The gold medal winner was Hayato Okamitsu, the chef of Catch. His dish was the most ambitious of the night in terms of complexity, but he carried it off in a masterful way. The tallest thing on the plate was a shot glass of hot smoked corn and wild rice soup with a crisp shaped like a miniature lorgnette posed across the rim. A square of densely textured butternut squash parfait was topped with a superfine broccoli pistou and enriched with oka cheese. A sturdy tortellini, the pasta dyed green with sage, was filled with supple little golden chanterelles, and a comma of white sauce on the plate turned out to be a delectably tangy purée of onion and sherry. The Sumac Ridge 2006 Private Reserve Chardonnay proved to be an inspired wine choice, the slight oakiness and the background fruit working with every element of the dish. Congratulations to Chef Okamitsu!

And now the competitors have all been chosen for the Canadian Culinary Championship which will take place in the majestic Fairmont Banff Springs hotel from February 19 to 21, 2009. In order of this fall’s events, they are Charles Part of Les Fougères, representing Ottawa-Gatineau; Patrick Lin of Senses, representing Toronto; Denise Cornellier of Denise Cornellier Traiteur, representing Montreal; Frank Pabst of Blue Water Café, representing Vancouver; David Cruz of Sage, representing Edmonton; and Hayato Okamitsu of Catch, representing Calgary. They have slightly less than three months to formulate their plans and gather their energies for what will prove a challenge of Olympic proportions. I have every confidence that eager supporters from their home towns will want to join us for the weekend to cheer on their champion. All will be welcome.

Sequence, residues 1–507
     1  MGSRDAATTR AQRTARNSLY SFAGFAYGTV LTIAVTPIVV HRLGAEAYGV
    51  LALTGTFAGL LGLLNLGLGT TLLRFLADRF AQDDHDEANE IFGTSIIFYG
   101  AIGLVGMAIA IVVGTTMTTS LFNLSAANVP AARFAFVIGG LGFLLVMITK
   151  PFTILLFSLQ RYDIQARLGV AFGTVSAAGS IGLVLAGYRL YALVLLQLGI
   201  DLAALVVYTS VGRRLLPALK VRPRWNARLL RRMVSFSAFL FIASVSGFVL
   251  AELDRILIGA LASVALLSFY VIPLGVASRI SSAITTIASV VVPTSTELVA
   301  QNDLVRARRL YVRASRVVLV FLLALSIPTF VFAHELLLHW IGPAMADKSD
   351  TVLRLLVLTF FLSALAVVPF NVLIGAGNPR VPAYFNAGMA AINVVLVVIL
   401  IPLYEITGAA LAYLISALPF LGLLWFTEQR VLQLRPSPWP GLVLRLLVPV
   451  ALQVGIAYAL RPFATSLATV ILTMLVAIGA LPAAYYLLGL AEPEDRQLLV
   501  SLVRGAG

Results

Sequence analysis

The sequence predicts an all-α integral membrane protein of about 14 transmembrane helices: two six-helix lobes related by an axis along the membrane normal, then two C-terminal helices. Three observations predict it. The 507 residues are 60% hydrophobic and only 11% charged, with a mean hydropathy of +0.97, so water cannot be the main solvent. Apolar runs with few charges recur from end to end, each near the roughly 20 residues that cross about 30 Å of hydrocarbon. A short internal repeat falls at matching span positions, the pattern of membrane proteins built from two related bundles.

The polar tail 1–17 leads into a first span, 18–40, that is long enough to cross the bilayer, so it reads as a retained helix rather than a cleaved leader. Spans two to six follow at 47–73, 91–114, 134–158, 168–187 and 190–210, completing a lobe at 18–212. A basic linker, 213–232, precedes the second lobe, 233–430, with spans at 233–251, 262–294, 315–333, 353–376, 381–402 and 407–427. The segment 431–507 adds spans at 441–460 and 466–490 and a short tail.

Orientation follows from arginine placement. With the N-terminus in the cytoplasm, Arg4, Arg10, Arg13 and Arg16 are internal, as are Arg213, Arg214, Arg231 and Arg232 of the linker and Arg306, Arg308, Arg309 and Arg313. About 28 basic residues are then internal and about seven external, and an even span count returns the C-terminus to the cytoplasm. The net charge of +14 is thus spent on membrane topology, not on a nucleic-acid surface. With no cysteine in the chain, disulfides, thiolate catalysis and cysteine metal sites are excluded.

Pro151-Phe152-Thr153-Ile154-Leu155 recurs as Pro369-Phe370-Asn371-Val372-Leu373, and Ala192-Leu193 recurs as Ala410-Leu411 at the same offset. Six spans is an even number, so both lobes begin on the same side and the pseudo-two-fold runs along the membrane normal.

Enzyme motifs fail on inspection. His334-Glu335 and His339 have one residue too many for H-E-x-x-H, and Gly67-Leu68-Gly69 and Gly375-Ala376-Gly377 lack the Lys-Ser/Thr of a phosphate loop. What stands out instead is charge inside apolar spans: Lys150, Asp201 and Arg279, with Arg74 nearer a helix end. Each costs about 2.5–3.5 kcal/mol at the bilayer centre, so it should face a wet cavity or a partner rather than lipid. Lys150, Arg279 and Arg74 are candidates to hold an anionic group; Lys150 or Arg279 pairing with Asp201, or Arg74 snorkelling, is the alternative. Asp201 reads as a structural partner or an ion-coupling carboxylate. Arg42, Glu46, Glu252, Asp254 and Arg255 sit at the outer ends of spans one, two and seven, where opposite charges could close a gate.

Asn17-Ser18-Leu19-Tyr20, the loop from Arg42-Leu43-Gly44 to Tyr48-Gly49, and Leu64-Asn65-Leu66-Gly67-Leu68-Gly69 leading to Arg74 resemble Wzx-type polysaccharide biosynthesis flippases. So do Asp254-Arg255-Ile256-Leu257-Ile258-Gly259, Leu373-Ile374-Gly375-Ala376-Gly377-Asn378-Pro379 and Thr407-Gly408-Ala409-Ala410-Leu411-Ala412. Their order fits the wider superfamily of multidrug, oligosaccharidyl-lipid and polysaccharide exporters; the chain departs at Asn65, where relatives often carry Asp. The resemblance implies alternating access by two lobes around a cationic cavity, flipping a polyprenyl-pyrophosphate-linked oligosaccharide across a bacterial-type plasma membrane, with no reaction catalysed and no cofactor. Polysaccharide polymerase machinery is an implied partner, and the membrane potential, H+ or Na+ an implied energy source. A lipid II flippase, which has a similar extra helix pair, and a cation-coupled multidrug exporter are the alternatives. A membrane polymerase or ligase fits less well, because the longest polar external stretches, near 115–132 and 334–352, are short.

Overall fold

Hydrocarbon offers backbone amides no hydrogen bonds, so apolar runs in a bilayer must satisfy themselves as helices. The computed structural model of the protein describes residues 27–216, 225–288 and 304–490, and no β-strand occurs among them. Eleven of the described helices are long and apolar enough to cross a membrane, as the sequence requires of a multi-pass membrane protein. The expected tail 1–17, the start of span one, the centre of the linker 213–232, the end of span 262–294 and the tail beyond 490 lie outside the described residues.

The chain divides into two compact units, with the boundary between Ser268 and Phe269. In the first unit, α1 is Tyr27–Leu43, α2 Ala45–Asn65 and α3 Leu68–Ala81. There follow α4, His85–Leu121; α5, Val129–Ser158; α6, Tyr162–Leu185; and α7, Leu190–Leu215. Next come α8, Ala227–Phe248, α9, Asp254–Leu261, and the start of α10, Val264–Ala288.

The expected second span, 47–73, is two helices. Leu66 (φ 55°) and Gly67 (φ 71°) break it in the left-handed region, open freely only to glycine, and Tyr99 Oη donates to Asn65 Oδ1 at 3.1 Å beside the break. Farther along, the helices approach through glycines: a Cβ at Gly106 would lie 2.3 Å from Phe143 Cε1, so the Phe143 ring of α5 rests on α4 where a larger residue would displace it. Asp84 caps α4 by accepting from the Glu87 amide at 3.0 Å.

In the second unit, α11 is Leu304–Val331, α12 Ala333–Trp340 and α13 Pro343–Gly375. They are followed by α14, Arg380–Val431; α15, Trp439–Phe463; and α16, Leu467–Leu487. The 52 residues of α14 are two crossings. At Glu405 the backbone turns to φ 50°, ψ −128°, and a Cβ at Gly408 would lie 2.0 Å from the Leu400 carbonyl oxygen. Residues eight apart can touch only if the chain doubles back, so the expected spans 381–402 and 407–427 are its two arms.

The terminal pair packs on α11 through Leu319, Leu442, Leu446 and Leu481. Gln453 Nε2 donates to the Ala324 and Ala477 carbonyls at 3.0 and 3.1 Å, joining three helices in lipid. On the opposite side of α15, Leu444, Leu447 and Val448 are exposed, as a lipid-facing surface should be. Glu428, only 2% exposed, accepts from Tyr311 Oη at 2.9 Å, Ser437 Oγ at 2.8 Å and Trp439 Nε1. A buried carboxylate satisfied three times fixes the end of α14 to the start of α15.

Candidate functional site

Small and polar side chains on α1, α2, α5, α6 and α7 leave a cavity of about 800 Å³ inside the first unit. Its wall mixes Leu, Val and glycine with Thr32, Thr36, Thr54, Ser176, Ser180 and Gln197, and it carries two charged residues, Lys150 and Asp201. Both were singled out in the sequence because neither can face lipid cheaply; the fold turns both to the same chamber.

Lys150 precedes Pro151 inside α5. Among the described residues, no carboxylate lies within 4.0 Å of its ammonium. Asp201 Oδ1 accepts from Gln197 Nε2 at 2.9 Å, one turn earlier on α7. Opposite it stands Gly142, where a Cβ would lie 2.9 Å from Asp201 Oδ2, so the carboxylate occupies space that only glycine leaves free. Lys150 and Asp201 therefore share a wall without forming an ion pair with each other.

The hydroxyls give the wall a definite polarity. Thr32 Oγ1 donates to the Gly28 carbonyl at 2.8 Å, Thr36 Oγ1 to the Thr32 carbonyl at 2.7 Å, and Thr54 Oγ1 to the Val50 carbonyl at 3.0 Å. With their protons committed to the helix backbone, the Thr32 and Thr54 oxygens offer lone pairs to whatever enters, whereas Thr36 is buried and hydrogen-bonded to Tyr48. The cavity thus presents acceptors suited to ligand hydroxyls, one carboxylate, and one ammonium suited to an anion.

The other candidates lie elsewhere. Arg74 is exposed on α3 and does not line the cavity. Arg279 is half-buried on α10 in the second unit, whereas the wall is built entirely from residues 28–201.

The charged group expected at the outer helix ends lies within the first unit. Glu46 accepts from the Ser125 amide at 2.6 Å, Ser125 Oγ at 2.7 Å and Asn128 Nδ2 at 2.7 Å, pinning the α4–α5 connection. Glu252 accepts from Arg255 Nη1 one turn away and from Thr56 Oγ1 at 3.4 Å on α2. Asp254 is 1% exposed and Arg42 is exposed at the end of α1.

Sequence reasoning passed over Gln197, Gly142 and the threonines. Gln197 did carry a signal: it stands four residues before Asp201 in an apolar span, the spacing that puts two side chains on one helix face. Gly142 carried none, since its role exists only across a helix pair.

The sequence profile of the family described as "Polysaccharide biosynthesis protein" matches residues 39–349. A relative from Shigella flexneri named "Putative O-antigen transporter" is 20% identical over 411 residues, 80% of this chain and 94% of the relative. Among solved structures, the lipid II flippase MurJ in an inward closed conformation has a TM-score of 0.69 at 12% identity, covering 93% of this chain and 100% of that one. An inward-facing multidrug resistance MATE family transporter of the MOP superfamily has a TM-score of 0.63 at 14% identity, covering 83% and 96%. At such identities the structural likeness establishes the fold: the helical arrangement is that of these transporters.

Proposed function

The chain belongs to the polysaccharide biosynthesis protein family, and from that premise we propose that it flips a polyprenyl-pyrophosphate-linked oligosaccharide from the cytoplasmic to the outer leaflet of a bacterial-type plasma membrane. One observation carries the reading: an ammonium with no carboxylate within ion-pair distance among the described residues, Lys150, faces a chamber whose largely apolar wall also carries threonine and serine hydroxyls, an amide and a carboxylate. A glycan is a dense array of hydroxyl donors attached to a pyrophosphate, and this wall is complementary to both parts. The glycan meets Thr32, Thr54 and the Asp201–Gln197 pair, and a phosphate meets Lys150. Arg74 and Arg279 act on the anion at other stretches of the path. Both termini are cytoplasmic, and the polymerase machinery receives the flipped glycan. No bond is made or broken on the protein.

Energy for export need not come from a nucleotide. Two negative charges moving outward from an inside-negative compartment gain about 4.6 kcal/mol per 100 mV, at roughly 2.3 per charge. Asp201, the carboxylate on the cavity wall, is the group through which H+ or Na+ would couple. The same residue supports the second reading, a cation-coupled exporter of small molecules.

James Chatto
National Culinary Advisor
Gold Medal Plates

 

Edmonton Gold Medal Plates 2008

07 Nov

Edmonton’s Gold Medal Plates event proved once again that support for Canada’s Olympic and Paralympic athletes is more powerful than any downturn in the economy and can even flourish in competition with the city’s annual Rodeo! The Shaw Centre was our venue for a party arranged with her usual meticulous skill by event planner Lisa Pasin. Demonstration athletes provided the thrilling cabaret during the first half of the evening. Chef Judy Wu, last year’s gold medal winner, was elected to the Hall of Fame, the special black chef’s jacket adding another colour to her multicoloured wardrobe of kitchen wear.

The competing chefs, many of them veterans of previous years, performed with great confidence and flare. It was great to see Edmonton’s gastronomic character so truly expressed, with local meats on every plate – everything from beef and bison to pheasant and venison to pork and alpaca. The season was also acknowledged by a pervasive obeisance to the truffle, some of them coming from Italy, others from Oregon. In the end the marks were incredibly close – the gold and silver medal-wining scores separated by less than one percentage point, a margin that also held back our fourth-placed chef, Sonny Sung from the podium.